At-Turath Newspaper
Los Angeles, California
September 26, 2004

Maalouf: The Change in Iraq Will Reach Both Ends of the Fertile Crescent

LOS ANGELES - Wasim Kalifeh

In an exclusive interview to At-Turath, Mr. Walid Maalouf, the Lebanese born director of 'Public Diplomacy For Middle Eastern & MEPI Affairs' (which falls under the Department of State's USAID division), spoke to us about the agency's role, president's Bush's initiatives, and the current events in the Middle East.

Can you please give us a brief narrative of where you are ?

When you come to America you make a decision. Either you want to fully integrate into American society and the political system; or you just want to live here and keep your mind and heart in your ancestral country. I choose the first. I have worked hard, and rather than stand on the sidelines, I have participated in the political process, which has lead me to where I am today. Nothing comes easy in America .

What personal satisfaction does your current position give you? Please briefly elaborate.

America has been good to me and I want to give back. After more than 15 years in the private sector, and, after 9/11, I felt a responsibility to make a difference. I believe in President Bush's initiatives for the Middle East . I want to help him win the war against terrorism and to realize the democratization of the Middle East . I will do my best to catalyze the broadest spectrum behind democratic reform within the region and promote a better understanding of the policy goals of President George W. Bush.

What is USAID and its purpose?

The U.S. Agency for International Development is the lead agency for the U.S. Government providing economic development and humanitarian assistance to people around the world. By creating the conditions to help countries move from poverty to prosperity, we serve both the American public and millions of people living in countries in development and transition. The total budget of USAID has grown in the last three years from $8 billion to $ 14 billion. You can clearly see the commitment of our Administration toward a better way of life for all human beings around the world.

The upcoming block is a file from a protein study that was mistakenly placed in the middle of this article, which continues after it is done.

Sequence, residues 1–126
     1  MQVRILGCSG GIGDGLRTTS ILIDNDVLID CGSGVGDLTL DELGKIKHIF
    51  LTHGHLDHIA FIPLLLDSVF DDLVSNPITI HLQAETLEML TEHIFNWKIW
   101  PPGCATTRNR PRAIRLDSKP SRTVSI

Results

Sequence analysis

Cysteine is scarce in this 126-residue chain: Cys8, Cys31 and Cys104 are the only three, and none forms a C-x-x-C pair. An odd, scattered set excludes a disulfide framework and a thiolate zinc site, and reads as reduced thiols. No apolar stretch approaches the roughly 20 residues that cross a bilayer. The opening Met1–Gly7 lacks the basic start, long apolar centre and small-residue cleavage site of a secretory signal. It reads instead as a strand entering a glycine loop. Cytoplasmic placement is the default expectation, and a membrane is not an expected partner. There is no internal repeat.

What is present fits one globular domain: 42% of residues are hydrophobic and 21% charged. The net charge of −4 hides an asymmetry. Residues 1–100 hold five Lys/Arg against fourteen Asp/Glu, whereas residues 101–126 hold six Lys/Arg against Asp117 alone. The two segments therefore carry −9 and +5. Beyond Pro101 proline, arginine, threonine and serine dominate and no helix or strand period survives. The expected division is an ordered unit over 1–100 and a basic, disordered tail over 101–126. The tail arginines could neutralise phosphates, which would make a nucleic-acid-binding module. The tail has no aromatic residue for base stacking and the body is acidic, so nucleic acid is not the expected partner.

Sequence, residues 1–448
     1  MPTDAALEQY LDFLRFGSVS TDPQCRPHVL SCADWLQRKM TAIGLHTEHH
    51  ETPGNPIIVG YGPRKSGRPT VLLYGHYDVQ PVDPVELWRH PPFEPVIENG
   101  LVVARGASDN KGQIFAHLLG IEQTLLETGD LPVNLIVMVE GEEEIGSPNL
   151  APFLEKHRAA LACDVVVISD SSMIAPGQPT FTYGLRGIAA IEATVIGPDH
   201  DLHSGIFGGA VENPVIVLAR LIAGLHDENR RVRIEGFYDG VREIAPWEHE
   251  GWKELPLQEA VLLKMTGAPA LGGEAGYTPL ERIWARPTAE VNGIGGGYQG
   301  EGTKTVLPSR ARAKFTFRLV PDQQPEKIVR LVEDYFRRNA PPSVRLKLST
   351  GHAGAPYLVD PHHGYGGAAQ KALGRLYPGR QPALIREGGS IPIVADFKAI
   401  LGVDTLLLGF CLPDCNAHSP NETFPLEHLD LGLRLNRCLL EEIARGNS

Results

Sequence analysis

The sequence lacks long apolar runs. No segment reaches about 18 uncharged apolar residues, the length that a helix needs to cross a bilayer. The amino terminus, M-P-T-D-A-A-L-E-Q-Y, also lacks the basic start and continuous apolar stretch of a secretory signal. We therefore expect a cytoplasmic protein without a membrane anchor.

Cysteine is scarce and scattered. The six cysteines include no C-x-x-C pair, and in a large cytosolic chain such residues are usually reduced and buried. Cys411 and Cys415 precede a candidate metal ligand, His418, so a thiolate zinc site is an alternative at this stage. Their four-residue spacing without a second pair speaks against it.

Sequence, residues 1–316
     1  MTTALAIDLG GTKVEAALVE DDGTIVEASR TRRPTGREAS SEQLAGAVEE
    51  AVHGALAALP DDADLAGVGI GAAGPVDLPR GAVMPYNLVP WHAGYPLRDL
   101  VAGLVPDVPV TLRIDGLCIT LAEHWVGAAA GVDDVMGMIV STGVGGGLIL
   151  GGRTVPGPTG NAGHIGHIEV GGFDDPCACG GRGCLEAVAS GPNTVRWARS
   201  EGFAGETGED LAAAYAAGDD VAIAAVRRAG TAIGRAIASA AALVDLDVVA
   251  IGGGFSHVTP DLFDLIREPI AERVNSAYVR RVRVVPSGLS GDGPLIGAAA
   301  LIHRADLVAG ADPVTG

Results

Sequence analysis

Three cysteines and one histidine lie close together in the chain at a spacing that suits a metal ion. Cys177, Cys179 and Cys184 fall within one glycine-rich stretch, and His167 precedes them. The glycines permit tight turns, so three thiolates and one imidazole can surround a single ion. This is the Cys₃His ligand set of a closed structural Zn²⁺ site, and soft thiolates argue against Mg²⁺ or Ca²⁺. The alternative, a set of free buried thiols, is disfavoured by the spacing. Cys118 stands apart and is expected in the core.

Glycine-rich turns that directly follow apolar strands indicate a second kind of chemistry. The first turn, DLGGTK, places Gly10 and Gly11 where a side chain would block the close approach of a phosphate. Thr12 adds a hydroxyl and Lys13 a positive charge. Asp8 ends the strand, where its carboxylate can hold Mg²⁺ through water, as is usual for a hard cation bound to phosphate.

According to the information I have, USAID is spending millions of dollars on many projects in the Middle East , and the Arab World, yet, there seems to be little knowledge of it, or in some instances intentional ignorance of it in the region. Why is that so in your opinion?

Several reasons: A) Much of our work is done through partner organizations - institutional contractors and non-governmental organizations - and USAID is not often credited for our signification contribution. This is something we're working on and hopefully will see some changes. B) Some Arab countries would refuse to allow any declaration of the large projects we finance. C) At the Department of State and USAID there is a sense of not taking credit publicly for programs we sponsor. I think this is changing somewhat nowadays and our public diplomacy is working toward more public acknowledgement of the work we're doing.

Let's talk about MEPI. Why did the press and/or the governments of the Arab World drop the word "partnership" when referring to the initiative? Was that intentional or a given reflex reaction, or both?

MEPI started 3 years ago, still exists and no one has dropped the "partnership" aspect out of it. But President Bush started another initiative called the Greater Middle East and lately and after the G8 meeting in Sea Island, Georgia the name changed to the Broader Middle East and North Africa in an effort to engage our European allies. The MEPI program is still going strong; it is managed by an office in the Bureau of Near Eastern Affairs at the Department of State; its director is Alina Romanowski. State, USAID, and other U.S. government agencies are working closely together to make this Presidential initiative a success.